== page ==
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Grey's Anatomy: Season 5 - Review

Grey's Anatomy, Season 5

Review by Jack Foley

IndieLondon Rating: 2 out of 5

THE fifth season of Grey’s Anatomy was arguably where the show hit rock bottom.

Having been in gradual decline since its sophomore session, the hospital ensemble seemed to be limping into this fifth year on and off-screen.

Storylines increasingly seemed desperate, once likeable characters were self-consumed and painfully annoying, and some of the show’s top stars (Katherine Heigl and TR Knight) seemed less than committed to its future.

Even newcomers such as Kevin McKidd’s ex-military surgeon Owen Hunt failed to breathe new life into proceedings, especially as the writers had him fall into the same love-lorn, angst-ridden trap that seems to bedevil most men on the show at this stage.

The interminable will they/won’t they relationship between drippy Derek (Patrick Dempsey) and selfish Meredith (Ellen Pompeo) continued to rumble on, Cristina Yang (Sandra Oh) continued to act in her own best interests, and Chief Richard Webber (James Pickens Jr) continued to operate without any backbone.

But that wasn’t even the worst of it! Rather, that was left to the slow-building (ie snail’s pace) storyline involving Izzie (Katherine Heigl)’s diagnosis of cancer that included one of the most ridiculous plot devices in television history.

The device in question involved the return of deceased love Denny (Jeffrey Dean Morgan) to set up a three-way love triangle also involving Alex Karev (Justin Chambers) that was silly beyond extreme (particularly when scenes started involving Izzie having sex with a ghost).

Had this been explored for one episode then maybe the show would have got away with it, but the love triangle was dragged out over the last third of the series until the final realisation that Denny had only ‘returned’ for a reason – to help Izzie come to terms with the fact she was ill.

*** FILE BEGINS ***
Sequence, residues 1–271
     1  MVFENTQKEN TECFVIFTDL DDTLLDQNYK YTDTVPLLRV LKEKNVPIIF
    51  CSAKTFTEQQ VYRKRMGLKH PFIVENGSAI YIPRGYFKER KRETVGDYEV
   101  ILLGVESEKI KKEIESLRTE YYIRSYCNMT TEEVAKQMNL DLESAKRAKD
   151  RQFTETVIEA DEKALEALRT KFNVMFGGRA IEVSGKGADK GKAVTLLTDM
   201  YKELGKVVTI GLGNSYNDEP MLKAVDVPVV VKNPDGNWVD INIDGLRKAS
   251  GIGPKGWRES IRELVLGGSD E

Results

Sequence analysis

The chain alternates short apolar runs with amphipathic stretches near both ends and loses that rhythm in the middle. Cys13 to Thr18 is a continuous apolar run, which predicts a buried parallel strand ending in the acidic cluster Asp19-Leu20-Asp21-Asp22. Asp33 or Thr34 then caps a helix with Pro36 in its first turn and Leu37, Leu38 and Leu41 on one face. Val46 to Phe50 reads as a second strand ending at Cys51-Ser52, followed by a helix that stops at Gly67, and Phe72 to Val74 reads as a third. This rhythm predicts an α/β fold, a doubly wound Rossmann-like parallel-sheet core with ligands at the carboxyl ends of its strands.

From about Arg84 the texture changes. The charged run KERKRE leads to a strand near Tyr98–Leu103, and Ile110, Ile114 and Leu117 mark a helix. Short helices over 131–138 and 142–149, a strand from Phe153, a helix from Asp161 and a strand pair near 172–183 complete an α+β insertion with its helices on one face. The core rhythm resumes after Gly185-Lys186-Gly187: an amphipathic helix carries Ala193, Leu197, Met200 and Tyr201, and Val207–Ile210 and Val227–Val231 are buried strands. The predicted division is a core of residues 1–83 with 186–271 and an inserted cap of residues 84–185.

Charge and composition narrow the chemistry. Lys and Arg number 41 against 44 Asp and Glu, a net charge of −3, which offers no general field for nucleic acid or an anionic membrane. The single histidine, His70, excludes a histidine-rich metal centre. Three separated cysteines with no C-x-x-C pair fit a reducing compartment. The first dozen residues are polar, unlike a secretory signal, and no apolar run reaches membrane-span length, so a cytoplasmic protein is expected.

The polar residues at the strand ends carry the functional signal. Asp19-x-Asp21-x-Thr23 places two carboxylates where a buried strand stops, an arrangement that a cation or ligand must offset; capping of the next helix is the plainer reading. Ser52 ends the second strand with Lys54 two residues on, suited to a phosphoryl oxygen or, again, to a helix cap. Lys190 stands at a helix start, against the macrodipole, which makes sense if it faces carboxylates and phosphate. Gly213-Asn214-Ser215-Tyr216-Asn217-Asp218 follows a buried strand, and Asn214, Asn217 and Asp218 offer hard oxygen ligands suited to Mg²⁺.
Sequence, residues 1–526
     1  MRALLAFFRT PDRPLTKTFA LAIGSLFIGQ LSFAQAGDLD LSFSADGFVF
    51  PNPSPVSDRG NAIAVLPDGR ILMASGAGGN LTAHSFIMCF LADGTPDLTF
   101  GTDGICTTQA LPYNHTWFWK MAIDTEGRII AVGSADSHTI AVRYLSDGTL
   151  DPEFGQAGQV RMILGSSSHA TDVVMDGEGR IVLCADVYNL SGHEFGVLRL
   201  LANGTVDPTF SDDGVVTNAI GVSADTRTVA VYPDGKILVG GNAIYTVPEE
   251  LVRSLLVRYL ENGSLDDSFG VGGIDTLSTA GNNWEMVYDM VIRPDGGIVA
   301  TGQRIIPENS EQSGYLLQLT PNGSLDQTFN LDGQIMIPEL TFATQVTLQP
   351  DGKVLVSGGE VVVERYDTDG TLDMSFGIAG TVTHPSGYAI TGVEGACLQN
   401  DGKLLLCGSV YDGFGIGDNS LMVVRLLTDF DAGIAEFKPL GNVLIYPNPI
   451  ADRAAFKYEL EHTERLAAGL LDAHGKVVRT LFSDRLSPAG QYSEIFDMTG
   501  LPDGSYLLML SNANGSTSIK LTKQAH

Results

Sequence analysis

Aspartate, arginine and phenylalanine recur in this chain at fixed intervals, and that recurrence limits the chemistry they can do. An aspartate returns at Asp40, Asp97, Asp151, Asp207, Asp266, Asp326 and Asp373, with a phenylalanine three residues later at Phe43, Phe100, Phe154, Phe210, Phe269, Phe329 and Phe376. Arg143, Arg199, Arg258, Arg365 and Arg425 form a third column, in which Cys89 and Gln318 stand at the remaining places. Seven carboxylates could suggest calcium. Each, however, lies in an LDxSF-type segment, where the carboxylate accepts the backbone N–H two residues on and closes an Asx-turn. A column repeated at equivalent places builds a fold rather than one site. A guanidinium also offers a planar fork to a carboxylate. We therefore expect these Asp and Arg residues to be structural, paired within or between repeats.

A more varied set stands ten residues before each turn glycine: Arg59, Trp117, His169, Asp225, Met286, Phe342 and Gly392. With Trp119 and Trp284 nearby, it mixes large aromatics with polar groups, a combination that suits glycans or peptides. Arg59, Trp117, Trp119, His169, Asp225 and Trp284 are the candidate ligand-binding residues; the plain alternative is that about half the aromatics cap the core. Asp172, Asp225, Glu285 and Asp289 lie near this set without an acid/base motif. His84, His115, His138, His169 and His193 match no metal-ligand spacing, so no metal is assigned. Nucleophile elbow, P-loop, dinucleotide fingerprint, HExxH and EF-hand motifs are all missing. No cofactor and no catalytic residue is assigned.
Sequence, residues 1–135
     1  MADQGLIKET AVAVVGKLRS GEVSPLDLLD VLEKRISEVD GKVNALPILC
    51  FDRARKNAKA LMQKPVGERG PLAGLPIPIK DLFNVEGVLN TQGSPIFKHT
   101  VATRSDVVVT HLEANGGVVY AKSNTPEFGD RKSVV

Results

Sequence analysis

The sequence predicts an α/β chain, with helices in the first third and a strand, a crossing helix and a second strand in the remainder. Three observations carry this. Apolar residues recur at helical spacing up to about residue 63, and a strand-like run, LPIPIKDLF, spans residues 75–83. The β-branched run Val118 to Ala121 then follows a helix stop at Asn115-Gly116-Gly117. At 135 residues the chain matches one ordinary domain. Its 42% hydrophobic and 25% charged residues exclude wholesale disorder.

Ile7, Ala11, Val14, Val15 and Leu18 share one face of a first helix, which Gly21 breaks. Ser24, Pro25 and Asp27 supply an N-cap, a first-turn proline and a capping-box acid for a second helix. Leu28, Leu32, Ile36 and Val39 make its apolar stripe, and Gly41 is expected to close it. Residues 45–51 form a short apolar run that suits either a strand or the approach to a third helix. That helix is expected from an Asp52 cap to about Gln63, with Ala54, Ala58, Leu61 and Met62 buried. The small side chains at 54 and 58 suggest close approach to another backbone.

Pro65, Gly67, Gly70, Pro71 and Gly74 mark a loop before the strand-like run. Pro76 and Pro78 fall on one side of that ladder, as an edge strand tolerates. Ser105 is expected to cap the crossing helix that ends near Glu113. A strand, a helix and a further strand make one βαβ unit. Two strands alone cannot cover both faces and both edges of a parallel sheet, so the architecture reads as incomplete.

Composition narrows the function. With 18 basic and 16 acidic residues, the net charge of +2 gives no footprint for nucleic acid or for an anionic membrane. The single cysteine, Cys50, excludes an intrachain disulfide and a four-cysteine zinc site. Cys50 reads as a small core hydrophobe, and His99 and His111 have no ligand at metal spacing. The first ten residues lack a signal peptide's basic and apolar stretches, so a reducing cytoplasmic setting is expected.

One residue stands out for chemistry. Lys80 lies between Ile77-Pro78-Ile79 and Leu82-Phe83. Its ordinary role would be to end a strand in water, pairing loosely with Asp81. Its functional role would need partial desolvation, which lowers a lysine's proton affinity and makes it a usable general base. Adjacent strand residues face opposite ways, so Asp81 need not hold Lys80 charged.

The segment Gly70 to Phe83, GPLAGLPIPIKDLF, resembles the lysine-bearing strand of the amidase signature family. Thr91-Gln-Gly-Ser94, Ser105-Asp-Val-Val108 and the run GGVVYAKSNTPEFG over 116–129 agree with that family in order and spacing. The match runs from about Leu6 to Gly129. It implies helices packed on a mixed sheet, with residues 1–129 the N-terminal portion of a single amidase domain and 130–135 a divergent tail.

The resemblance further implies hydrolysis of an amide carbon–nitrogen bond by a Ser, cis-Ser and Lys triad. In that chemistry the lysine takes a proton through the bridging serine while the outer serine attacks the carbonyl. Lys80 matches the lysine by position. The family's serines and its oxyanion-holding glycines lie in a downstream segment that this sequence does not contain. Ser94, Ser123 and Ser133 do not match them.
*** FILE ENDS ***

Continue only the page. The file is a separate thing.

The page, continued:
The ensuing cancer storyline, and Izzie’s will she/won’t she fight for survival, was also turgid and, quite frankly, insulting, populated by scenes of Izzie finding the energy to belatedly organise Derek and Meredith’s wedding from her bed.

And, in typical fashion, each episode began with a smug knowingness and kooky humour, only to find itself in over-cooked melodrama come the end.

Quite frankly, by the time the two-hour finale came to pass, I didn’t care what happened to several of the main contenders… while the supposedly jaw-dropping last shot also held little in the way of real shock value.

In fact, as has happened so many times before, Grey’s Anatomy once again fell prone to unfavourable comparisons with ER, especially in the delivery of the season finale’s big shock moment and the death of George O’Malley (Knight).

The device used – the hospital staff treating a horribly disfigured patient who turns out to be one of their own – has already been employed in an old ER but was much better handled. Once you saw it coming, the impact wasn’t half as forceful for the Grey’s team.

That said, it’s worth noting that the sixth season of the show has delivered a marked improvement, focusing more on patients and medical dilemmas, as well as a battle of wits between Derek and Webber, that suggests the writers knew where they’d been going wrong.

Season 5 therefore exists as a joining the dots kind of link between seasons that’s probably best viewed with the fast forward button close at hand. It’s painful in large doses…

Certificate: 15
Episodes: 24
UK DVD Release: August 23, 2010